But if the growth of the industry will not be as rapid as in the US, it will develop in time into a significant source of supply with implications for energy markets. However, its main impact will be on other fossil fuel sources such as LNG, Russian gas and coal rather than on renewable energy and it will largely hit individual markets.
“We think Poland will be among the countries with the best opportunities for shale gas development,” says Rafał Dudzinski, vice-president of PGNIG, the Polish oil and gas group. Poland is keen to develop shale gas both to move it away from dependency on Russian gas and to help it shift its power sector, which is 95 per cent coal-powered, to less polluting gas. It has the additional advantage that in the areas where its shale reserves are located, population density is much lower than in western Europe.
Spending on clean energy is unlikely to be affected because it is so linked to national and EU climate targets, backed up by incentives such as feed-in tariffs. “At an EU level I don’t think shale gas will have a negative impact on renewable investment as the primary drivers for renewable investment is government commitment to renewable energy as a means to achieving carbon reduction,” Mr O’Regan says.
But if it brings down gas prices, shale gas will compete directly with nuclear as a supplier of baseload power, that is generation capacity that runs continuously, and at an expected lower cost, so it may add to the pressures on the nuclear industry.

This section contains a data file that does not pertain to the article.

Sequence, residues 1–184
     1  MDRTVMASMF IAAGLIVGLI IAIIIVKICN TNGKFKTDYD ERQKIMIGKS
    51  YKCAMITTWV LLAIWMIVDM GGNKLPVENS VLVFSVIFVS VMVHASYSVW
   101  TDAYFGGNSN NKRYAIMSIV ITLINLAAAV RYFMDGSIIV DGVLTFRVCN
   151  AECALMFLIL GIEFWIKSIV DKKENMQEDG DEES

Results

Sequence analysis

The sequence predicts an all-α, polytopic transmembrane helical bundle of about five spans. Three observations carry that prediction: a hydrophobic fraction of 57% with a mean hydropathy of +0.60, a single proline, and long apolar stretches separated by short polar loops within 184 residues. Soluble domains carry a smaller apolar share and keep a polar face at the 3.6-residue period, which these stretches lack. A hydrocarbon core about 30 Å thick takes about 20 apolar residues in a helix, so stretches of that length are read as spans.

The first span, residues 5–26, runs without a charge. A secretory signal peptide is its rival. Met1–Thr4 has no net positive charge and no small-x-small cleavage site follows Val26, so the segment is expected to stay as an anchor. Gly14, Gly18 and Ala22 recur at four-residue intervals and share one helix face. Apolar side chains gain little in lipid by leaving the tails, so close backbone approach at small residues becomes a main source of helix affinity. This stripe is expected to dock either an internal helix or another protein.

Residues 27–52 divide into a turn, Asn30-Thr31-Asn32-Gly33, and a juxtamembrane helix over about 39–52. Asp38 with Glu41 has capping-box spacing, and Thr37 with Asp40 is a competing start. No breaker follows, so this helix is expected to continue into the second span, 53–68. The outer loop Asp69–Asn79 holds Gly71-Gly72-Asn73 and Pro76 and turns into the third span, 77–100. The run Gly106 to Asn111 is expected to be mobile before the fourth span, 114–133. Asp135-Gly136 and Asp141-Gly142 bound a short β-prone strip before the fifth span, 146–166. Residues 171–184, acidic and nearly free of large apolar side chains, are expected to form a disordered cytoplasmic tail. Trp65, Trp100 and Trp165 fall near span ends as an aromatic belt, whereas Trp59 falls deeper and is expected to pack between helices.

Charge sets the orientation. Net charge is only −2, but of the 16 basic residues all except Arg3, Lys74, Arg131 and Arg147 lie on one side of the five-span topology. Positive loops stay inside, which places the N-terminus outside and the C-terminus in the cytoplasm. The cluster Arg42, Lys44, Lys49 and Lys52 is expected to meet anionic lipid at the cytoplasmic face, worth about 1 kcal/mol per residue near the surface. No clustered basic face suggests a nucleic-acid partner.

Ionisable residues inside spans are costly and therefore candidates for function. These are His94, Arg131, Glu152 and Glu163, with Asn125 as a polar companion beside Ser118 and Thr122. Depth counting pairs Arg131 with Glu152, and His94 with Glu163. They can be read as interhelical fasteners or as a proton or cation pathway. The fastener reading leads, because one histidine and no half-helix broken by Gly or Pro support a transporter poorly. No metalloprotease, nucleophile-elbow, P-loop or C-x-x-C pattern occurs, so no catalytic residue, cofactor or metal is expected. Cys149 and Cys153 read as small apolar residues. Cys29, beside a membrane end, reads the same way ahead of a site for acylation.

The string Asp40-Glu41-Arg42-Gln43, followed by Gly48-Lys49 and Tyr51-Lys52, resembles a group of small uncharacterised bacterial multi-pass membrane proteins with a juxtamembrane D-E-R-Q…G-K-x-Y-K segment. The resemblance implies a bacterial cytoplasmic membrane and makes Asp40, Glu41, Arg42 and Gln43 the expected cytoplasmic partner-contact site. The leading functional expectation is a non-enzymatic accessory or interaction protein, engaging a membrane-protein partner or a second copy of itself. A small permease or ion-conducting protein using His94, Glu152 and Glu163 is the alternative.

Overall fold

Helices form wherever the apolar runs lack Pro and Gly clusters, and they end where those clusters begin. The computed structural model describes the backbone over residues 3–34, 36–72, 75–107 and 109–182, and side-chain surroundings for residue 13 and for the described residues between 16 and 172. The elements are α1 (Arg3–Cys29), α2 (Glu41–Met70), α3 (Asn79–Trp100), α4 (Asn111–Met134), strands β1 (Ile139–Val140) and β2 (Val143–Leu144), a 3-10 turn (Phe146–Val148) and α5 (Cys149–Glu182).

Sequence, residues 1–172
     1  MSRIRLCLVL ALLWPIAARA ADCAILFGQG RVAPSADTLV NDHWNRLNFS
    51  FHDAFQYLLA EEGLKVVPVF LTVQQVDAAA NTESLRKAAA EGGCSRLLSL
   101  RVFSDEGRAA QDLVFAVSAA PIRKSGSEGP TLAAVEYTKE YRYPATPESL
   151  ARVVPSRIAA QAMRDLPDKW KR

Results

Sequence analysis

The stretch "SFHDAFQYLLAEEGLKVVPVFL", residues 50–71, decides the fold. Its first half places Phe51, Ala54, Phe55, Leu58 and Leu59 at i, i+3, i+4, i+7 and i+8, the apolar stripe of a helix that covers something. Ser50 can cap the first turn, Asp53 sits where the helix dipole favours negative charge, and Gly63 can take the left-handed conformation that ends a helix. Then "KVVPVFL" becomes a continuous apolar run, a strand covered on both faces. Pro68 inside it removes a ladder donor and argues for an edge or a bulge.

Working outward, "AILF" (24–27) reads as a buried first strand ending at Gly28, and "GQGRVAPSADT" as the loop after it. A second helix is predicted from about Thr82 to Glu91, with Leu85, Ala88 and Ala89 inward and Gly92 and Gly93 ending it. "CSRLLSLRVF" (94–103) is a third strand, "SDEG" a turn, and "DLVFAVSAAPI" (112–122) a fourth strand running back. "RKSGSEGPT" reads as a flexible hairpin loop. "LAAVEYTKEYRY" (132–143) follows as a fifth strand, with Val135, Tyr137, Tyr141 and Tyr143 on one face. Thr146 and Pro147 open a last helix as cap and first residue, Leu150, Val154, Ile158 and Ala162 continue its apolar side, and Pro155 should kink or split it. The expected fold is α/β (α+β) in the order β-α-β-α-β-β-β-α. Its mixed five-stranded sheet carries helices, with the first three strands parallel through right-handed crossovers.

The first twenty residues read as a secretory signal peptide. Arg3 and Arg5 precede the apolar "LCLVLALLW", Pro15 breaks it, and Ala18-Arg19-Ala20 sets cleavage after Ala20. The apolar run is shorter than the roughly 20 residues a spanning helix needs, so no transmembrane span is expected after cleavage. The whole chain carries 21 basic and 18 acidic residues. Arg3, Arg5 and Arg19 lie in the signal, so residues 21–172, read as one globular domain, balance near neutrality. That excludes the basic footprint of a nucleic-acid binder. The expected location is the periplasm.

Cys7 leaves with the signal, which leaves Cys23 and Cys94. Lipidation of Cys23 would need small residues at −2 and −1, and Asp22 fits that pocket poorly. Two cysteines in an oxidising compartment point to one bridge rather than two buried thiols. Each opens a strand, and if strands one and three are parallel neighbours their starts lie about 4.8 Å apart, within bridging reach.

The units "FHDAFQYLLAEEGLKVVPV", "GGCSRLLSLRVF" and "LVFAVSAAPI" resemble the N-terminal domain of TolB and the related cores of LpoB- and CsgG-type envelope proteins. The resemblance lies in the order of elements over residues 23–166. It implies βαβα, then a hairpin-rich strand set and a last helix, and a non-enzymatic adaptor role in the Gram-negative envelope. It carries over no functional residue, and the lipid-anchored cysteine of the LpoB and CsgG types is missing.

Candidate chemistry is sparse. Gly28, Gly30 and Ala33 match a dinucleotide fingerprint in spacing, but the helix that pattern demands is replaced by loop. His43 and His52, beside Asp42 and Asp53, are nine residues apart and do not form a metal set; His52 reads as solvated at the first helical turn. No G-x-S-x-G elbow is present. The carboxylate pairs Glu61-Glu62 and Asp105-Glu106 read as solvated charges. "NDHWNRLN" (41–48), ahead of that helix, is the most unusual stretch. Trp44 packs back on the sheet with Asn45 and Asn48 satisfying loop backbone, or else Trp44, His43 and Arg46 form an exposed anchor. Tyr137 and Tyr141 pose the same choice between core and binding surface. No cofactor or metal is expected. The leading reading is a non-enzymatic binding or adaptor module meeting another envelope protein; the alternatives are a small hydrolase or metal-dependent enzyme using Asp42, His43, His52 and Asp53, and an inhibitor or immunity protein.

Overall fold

The bigger danger from the point of view of meeting emissions targets is that fossil fuel production gets “locked in” for another 20-30 years because of the advent of this new source of supply.
“In Europe there is a real risk that we lock in more gas infrastructure than is desirable” on the basis that gas prices will be permanently low, warns Mr Caldecott, even though it is more likely that lower prices in the near term will give way to rising prices in the longer term “given global demand and supply fundamentals”, he says.
However, Mr O’Regan says shale gas supplies could help the transition from fossil fuels to low carbon energy by switching from the provision of baseload power to being used as back up for intermittent power sources such as solar and wind as these sources make up a larger part of the energy mix. “If gas plants built in the 2015-2020 period are designed to run baseload and convert to more flexible operation in later life, this will minimise the risk of lock in,” he says.